A furious debate is stirring over at Cartago Delenda Est. The issue? How many Darwinists does it take to screw in a light bulb?
Charles Darwin: None. But if it could be shown that the bulb entered the socket without a series of clockwise turns, my theory would absolutely break down.
(Part II, Version 1.0) By Casey Luskin Copyright © 2006 Casey Luskin. All Rights Reserved. The entire article can be read here …Yesterday, I posted Part I of this response. To reiterate, there are three primary problems with Judge Jones’s ruling that Ken Miller refuted Michael Behe’s arguments that the bacterial flagellum is irreducible complex: (A) Experts say the evidence suggests that the TTSS evolved from the flagellum, and not the other way around. (B) Behe and other ID-proponents have long-acknowledged “exaptation” or “co-option” as an attempt to evolve biological complexity, and have observed many problems with “co-option” explanations. (C) Miller has inaccurately characterized how one tests for irreducible complexity, thus refuting only a straw-version of Behe’s concept of irreducible Read More ›
(Part I, Version 1.0) By Casey Luskin Copyright © 2006 Casey Luskin. All Rights Reserved. The entire article can be read here Abstract In Kitzmiller v. Dover, Judge John E. Jones ruled harshly against the scientific validity of intelligent design. Judge Jones ruled that the irreducible complexity of the bacterial flagellum, as argued by intelligent design proponents during the trial, was refuted by the testimony of the plaintiffs’ expert biology witness, Dr. Kenneth Miller. Dr. Miller misconstrued design theorist Michael Behe’s definition of irreducible complexity by presenting and subsequently refuting only a straw-characterization of the argument. Accordingly, Miller claimed that irreducible complexity is refuted if a separate function can be found for any sub-system of an irreducibly complex system, outside Read More ›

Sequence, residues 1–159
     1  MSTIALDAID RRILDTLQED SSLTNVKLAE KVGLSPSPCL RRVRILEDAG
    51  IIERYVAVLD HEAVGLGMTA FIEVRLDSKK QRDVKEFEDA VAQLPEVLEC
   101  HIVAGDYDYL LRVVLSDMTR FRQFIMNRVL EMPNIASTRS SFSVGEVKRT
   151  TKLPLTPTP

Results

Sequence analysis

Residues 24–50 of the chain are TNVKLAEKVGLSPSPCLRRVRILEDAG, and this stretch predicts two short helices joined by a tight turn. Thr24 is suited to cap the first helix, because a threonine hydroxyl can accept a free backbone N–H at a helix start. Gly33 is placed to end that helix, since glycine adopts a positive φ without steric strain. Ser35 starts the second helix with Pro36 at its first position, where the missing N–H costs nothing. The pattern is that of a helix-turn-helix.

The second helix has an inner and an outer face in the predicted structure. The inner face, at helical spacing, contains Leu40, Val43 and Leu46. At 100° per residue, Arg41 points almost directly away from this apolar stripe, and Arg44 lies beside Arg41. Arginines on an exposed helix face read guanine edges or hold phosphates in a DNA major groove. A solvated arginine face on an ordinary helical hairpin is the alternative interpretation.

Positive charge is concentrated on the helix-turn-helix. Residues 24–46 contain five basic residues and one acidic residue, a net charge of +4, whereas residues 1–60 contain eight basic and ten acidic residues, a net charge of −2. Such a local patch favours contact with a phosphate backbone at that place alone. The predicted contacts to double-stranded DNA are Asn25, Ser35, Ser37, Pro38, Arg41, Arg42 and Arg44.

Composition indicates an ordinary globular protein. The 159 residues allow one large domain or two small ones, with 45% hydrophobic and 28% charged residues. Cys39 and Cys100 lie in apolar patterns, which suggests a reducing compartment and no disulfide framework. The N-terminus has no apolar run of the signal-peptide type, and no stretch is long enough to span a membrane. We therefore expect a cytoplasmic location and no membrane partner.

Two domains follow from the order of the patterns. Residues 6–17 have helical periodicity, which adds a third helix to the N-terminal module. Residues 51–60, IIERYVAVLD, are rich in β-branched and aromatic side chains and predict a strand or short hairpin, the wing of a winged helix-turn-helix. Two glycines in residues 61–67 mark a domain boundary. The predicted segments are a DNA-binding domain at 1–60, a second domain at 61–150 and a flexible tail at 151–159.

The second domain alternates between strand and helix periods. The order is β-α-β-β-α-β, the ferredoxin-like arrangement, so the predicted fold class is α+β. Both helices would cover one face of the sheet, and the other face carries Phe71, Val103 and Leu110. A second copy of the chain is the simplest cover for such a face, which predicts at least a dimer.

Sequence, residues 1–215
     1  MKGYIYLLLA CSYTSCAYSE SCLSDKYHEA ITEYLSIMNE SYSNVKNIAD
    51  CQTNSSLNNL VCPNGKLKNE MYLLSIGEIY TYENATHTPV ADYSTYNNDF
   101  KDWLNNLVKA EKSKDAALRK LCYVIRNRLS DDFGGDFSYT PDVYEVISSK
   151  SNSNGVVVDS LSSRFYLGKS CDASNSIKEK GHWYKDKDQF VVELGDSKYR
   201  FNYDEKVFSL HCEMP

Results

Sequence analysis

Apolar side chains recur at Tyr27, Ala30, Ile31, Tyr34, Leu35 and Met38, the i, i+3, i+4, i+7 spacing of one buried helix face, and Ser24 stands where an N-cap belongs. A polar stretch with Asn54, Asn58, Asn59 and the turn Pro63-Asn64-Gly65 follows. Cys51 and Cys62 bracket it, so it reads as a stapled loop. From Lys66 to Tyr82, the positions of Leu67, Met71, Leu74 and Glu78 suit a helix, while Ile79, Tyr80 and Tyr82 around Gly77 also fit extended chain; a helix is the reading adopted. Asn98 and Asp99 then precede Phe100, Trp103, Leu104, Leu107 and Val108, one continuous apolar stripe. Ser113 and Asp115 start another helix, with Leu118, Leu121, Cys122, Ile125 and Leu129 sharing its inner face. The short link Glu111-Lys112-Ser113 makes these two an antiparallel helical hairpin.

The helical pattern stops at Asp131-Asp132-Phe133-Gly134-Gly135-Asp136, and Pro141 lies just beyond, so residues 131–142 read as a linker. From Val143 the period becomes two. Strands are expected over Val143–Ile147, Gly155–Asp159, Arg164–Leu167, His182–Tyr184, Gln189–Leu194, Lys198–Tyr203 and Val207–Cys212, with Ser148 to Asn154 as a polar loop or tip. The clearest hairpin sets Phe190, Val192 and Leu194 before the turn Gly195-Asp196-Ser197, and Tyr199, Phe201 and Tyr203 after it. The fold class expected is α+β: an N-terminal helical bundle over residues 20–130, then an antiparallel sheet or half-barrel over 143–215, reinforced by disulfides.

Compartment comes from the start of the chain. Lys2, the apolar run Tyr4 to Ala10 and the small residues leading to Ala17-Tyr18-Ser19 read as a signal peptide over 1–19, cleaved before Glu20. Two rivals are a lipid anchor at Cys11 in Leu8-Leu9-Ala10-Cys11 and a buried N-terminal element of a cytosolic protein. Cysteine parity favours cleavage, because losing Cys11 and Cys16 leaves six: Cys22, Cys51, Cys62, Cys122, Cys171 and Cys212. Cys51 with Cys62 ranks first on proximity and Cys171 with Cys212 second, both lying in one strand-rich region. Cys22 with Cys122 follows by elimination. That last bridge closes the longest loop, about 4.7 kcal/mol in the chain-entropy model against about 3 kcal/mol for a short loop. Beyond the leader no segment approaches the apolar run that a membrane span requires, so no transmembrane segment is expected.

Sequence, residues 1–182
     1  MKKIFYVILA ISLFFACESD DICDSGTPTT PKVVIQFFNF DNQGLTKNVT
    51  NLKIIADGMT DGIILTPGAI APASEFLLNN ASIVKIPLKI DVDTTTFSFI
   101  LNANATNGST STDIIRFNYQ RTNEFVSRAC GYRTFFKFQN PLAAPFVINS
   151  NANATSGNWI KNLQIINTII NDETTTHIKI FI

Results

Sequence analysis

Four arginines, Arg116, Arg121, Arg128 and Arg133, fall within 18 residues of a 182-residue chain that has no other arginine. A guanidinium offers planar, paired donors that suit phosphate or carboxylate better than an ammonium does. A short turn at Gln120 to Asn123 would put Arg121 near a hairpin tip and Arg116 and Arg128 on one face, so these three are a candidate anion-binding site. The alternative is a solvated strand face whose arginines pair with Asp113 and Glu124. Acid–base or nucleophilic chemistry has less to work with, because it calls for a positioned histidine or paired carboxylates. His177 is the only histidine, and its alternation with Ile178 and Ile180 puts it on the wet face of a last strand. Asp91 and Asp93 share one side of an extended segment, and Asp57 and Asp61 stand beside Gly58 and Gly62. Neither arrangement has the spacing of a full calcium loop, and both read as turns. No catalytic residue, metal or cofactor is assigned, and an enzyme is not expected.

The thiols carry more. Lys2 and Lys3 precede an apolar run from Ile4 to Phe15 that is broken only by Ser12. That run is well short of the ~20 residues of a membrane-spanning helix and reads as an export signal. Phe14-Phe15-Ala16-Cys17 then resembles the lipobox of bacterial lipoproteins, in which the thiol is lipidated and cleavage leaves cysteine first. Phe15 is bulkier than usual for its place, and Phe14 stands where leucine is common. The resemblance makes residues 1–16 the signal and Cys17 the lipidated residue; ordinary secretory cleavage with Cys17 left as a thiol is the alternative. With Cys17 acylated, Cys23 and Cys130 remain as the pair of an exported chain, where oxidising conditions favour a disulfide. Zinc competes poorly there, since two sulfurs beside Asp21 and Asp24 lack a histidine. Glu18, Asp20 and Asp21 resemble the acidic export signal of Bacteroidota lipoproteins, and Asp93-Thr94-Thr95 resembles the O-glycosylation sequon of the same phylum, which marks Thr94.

Recently I highlighted how the coverage of Tiktaalik revealed the fascinating phenomenon that only after discovering a new “missing link” will evolutionists acknowledge the previously paltry state of fossil evidence for evolution. This behavior is again witnessed in coverage of the discovery of Australopithecus anamensis fossils in Ethiopia. The media has also exaggerated and overblown claims that this evidence supports “human evolution.” The latest “missing link” is actually comprised of a few tooth and bone fragments of Au. anamensis, an ape-like species that lived a little over 4 million years ago. Incredibly, claims of “intermediacy” are based upon 2-3 fragmented canines of “intermediate” size and shape. This has now led to grand claims in the media of finding a “missing Read More ›
I love it when new “missing links” are discovered, because it’s then–and only then–that Darwinists admit how precious little evidence had previously existed for the evolutionary transition in question. When reports came out this week of an alleged example of a fossil representative of the stock that might have led from fish to tetrapods — Tiktaalik roseae — evolutionists finally came clean about the previous lack of fossil evidence for such a transition: “The relationship of limbed vertebrates (tetrapods) to lobe-finned fish (sarcopterygians) is well established, but the origin of major tetrapod features has remained obscure for lack of fossils that document the sequence of evolutionary changes.” (Edward B. Daeschler, Neil H. Shubin, and Farish A. Jenkins, “A Devonian tetrapod-like Read More ›